Security Council Passes Tough Iraq Resolution
By Jim Garamone
American Forces Press Service
WASHINGTON, Nov. 8, 2002 The United Nations Security Council today unanimously passed a strong resolution designed to force Saddam Hussein to disarm his weapons of mass destruction and obey previous Security Council resolutions.
"The resolution approved today presents the Iraqi regime with a test -- a final test," President Bush said following the vote in New York. "Iraq must now -- without delay or negotiations -- fully disarm, welcome full inspections and fundamentally change the approach it has taken for more than a decade."
Bush said the United States will be making only one determination: Is Iraq meeting the terms of the Security Council resolution or not? "The United States has agreed to discuss any material breach with the Security Council but without jeopardizing our freedom to defend our country," Bush said. "If Iraq fails to fully comply, the United States and other nations will disarm Saddam Hussein."
The resolution states clearly that Iraq must allow inspectors access to every site, document and person. The so-called presidential palaces in the country must be opened for inspections. U.S. Ambassador to the United Nations John Negroponte called it a case of "anyone, anywhere, any place."
The president said Iraq's former strategy of cheating on the inspection regime, getting caught and then retreating, "will no longer be tolerated."
Any act of delay or defiance by Iraq will be an additional breach of the country's international obligations and a clear signal the Iraqi regime has once again abandoned the path of voluntary compliance, Bush said. "If we're to avert war, all nations must continue to pressure Saddam Hussein to accept this resolution and to comply with his obligations," he said.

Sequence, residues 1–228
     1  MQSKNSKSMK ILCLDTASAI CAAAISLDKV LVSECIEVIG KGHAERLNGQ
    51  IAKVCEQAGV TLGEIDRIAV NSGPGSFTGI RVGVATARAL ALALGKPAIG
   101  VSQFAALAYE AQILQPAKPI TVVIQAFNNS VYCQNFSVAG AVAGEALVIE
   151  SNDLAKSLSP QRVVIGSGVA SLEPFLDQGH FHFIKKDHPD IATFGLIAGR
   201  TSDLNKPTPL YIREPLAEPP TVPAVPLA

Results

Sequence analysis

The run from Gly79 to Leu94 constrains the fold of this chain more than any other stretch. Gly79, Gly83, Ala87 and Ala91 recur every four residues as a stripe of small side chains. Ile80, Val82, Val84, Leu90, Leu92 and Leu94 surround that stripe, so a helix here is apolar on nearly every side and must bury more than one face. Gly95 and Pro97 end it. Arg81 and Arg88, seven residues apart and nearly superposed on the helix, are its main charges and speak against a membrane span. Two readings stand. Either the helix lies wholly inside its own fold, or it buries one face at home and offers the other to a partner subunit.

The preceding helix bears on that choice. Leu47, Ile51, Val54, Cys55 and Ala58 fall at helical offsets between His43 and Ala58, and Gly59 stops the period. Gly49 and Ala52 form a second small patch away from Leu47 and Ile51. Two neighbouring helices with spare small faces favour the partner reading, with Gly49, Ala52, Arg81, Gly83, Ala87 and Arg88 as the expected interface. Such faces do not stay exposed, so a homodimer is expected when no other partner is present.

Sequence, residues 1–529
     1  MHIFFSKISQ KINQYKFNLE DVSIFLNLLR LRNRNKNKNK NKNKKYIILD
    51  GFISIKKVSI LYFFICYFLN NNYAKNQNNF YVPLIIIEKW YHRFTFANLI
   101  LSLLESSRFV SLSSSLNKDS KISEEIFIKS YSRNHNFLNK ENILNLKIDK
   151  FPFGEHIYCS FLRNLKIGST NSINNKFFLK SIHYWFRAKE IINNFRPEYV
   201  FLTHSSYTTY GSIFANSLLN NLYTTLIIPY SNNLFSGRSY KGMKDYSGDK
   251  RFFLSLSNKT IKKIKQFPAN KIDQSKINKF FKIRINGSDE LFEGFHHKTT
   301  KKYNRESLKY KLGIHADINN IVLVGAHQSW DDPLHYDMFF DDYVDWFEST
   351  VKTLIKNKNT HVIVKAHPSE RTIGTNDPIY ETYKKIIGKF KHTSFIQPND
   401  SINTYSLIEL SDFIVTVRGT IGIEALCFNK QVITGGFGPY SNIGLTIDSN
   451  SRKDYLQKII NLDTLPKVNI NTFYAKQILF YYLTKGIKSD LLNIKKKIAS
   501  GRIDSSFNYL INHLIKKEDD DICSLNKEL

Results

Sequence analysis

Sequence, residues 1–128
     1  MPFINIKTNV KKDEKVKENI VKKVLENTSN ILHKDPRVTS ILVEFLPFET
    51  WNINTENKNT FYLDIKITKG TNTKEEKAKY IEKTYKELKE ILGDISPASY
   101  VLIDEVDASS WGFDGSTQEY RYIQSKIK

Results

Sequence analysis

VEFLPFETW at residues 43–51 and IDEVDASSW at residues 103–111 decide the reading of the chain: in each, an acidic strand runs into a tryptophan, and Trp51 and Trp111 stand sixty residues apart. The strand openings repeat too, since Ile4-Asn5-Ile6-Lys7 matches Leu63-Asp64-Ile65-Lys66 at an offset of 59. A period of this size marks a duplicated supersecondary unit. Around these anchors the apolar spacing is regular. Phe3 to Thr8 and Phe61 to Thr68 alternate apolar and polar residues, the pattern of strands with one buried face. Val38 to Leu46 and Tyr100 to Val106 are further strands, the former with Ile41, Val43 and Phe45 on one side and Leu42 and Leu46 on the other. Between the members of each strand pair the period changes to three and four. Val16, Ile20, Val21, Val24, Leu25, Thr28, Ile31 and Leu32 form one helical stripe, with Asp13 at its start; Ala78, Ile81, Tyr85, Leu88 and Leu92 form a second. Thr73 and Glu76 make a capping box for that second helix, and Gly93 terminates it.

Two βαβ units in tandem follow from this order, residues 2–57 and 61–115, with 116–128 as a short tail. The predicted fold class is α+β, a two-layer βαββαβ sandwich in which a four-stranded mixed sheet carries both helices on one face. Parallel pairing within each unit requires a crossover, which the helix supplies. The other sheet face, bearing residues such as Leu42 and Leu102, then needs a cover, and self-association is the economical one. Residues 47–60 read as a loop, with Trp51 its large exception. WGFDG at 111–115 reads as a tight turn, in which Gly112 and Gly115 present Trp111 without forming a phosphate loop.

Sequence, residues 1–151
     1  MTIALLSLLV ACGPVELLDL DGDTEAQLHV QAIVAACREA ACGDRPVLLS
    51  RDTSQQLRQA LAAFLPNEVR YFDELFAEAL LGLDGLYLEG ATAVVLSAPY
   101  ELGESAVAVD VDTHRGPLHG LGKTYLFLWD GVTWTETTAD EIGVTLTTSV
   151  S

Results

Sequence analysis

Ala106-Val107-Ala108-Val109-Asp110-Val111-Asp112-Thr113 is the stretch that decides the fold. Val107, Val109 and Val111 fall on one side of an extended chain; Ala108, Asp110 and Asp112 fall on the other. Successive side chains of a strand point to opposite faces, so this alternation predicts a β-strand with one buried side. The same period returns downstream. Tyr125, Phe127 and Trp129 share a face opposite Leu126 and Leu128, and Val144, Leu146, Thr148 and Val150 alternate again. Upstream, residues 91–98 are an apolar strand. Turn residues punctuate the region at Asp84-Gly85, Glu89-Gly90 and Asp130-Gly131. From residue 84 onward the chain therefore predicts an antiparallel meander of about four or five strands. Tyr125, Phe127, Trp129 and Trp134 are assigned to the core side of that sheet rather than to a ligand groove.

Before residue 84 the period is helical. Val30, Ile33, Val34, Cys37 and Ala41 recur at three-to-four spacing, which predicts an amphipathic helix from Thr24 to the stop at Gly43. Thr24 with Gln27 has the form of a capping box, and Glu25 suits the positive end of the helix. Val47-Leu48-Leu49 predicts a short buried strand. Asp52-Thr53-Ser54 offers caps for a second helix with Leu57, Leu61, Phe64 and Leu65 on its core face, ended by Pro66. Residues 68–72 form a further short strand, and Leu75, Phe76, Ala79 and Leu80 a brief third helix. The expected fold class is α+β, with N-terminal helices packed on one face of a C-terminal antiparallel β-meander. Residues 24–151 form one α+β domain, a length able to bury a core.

Bush called on world leaders to not lapse into unproductive debates over whether specific instances of Iraqi defiance are serious. "Any Iraqi noncompliance is serious," he said.
The president said the United States will fully support the inspectors' efforts and called on the arms inspectors to use the new tools the resolution presents to them.
U.N. Secretary General Kofi Annan urged governments with influence over Iraq to impress on Saddam Hussein that this is his last chance. "The road ahead will be difficult and dangerous," Annan said following the Security Council vote. "But empowered by this resolution, the United Nations Monitoring, Verification and Inspection Commission and the International Atomic Energy Agency stand equipped to carry out their vital task.
"To succeed, they will require full and unconditional cooperation on the part of Iraq and the continued determination of the international community to pursue its common aim in a united and effective manner," Annan continued.
British Prime Minister Tony Blair called the position of the international community "unified and certain." He said Hussein's duty is to cooperate fully with inspectors. "It means a full declaration of the weapons that exist and their whereabouts," Blair said. "The obligation is to cooperate. It is not a game of hide-and-seek."
Bush thanked the Security Council members for their unanimous support and Secretary of State Colin Powell for his work in getting the resolution through the world body. The president said the members of the Security Council must maintain their unity and sense of purpose "so the Iraqi regime cannot revert to the strategies of obstruction and deception it used so successfully in the past."
He said he believes this resolution will bring about the full disarmament of Iraq's weapons of mass destruction. "The only question for the Iraqi regime is to decide how," Bush said. "The United States prefers Iraq meets its obligations voluntarily, yet we're prepared for the alternative. In either case, the just demands of the world will be met."